Extreme caregiving has demanded that I look beyond myself and my own skill set to find others who can accompany and support me. It hasn’t been a choice. Not for a moment. My controlling, independent streak was utterly challenged as Matthew’s mother. I learned in short order that caring for Matthew is more than one person can accomplish, even his devoted mother. I needed experts, additional caregivers, and a supportive collection of family and friends, both live and virtual, to be able to live this life with any kind of grace. I had to share my life, my home, and my family with the greater world to be able to care for Matthew adequately. I will add that I am one of the lucky ones. My life is filled with amazing people who journey this crazy difficult life with me. Over the years, while I may have felt alone, I never have been.
Those who know me know that I resist the tendency to romanticize this journey of caregiving. This is one of the very few moments where I will do so.
Several years ago, as part of my studies in theology, I was required to write a paper about salvation. You know, that concept that is a central aspect of the Christian faith. Here is an excerpt of what I wrote. Community features prominently.
Once a month I have coffee and muffins with four women. All of these women are raising a child who is considered profoundly disabled and medically complex. These women understand the extreme stress, exhaustion, and uncertainty of raising a complex child. When we meet we collectively celebrate the uniqueness of our children, our resilience, and the resilience of our families and marriages. We celebrate the hard won victories and support one another during the inevitable moments of sadness, anger, and frustration. Sometimes we just drink coffee. These women are my personal salvation. ….They “get it” in a way that someone who has not walked a similar journey cannot. But more importantly, they show up and walk the journey with me. Always. For me, this group mirrors how Jesus provided and provides salvation. He “gets it” because he chose to journey with humanity as one of us. He lived in solidarity with humanity with whom he shared joys and suffering. I find God in the actions of my community. I find salvation in solidarity; it is in the “walking with”.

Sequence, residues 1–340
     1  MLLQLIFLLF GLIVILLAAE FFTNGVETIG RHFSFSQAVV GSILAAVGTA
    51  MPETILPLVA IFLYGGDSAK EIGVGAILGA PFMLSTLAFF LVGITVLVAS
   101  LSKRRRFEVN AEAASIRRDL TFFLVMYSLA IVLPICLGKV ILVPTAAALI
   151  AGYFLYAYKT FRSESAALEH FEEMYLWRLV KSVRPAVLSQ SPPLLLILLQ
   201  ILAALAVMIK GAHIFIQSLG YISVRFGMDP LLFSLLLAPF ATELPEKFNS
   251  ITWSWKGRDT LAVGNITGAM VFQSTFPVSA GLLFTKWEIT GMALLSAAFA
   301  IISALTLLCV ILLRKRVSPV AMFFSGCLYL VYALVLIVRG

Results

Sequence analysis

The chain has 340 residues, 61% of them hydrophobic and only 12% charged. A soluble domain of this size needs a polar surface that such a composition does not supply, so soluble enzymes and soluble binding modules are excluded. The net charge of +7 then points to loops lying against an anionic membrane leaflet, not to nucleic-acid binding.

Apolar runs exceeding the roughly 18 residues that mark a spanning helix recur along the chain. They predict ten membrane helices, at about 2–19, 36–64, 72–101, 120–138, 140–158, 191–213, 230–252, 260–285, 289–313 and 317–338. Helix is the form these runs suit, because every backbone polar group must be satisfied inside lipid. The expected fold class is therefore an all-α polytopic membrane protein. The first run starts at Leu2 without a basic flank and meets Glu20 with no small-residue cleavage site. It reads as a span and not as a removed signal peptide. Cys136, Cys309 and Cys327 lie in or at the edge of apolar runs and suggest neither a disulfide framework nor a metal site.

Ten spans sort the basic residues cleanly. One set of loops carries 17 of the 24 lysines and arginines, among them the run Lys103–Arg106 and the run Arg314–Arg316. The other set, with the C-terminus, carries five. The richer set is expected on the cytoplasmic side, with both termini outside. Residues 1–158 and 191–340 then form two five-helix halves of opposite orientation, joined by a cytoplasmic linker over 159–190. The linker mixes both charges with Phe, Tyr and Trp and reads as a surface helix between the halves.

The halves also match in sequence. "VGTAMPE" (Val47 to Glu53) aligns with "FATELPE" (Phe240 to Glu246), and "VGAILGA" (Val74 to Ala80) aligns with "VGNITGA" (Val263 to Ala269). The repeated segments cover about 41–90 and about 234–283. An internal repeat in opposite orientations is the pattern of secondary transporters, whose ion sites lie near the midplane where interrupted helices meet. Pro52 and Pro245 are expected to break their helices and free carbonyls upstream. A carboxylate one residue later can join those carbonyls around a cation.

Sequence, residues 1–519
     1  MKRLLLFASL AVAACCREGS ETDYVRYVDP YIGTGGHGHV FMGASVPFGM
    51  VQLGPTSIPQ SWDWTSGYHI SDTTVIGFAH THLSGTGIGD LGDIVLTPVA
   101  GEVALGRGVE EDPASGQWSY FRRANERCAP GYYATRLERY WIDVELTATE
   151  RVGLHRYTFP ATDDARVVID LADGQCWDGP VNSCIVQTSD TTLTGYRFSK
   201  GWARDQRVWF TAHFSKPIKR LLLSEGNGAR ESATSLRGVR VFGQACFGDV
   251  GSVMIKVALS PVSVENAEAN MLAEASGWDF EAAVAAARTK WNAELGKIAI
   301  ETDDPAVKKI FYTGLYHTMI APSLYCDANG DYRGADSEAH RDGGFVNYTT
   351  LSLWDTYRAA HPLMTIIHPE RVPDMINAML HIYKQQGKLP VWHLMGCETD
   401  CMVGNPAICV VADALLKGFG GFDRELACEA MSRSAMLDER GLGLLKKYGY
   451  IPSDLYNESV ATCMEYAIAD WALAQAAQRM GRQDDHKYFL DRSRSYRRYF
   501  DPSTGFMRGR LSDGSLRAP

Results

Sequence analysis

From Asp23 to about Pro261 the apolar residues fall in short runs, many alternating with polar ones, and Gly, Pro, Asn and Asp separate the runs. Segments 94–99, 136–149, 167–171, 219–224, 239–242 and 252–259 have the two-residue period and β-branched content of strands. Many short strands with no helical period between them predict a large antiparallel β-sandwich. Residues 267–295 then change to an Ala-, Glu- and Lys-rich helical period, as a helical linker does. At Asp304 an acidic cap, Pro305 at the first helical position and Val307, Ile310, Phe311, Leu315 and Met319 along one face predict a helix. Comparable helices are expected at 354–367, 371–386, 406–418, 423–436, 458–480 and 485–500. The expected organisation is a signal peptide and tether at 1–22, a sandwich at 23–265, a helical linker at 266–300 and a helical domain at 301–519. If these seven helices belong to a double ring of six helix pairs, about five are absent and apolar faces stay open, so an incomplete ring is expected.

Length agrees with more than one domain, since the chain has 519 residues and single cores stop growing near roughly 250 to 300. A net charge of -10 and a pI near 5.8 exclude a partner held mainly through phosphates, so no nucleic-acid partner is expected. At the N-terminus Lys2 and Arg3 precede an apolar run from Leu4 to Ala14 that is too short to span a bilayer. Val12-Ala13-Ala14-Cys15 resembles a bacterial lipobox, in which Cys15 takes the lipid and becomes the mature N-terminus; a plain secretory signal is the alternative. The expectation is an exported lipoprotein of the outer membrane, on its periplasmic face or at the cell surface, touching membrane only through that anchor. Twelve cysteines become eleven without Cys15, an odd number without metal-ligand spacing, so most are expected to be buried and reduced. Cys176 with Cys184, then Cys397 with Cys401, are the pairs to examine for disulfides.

So there you have it. The person who openly and actively resists the quest narrative of spiritual transformation as the overarching narrative of caregiving writes a quest narrative of caregiving. But just this once. For me, community has been the gift found on this extreme journey. I think the catch, for me, is that community doesn’t necessarily make the journey easier. Caregiving is still pretty darn difficult and I don’t want that part of the narrative lost, as it inevitably is when we veer into a quest narrative. It is just that company along the way makes any path, particularly the difficult one, bearable.